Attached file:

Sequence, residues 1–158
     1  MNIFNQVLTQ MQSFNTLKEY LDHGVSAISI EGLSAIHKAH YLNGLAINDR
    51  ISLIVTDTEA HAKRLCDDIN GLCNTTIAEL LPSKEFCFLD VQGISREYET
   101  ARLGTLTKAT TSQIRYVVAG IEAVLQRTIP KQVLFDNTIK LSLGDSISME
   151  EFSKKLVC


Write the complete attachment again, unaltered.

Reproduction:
Sequence, residues 1–158
     1  MNIFNQVLTQ MQSFNTLKEY LDHGVSAISI EGLSAIHKAH YLNGLAINDR
    51  ISLIVTDTEA HAKRLCDDIN GLCNTTIAEL LPSKEFCFLD VQGISREYET
   101  ARLGTLTKAT TSQIRYVVAG IEAVLQRTIP KQVLFDNTIK LSLGDSISME
   151  EFSKKLVC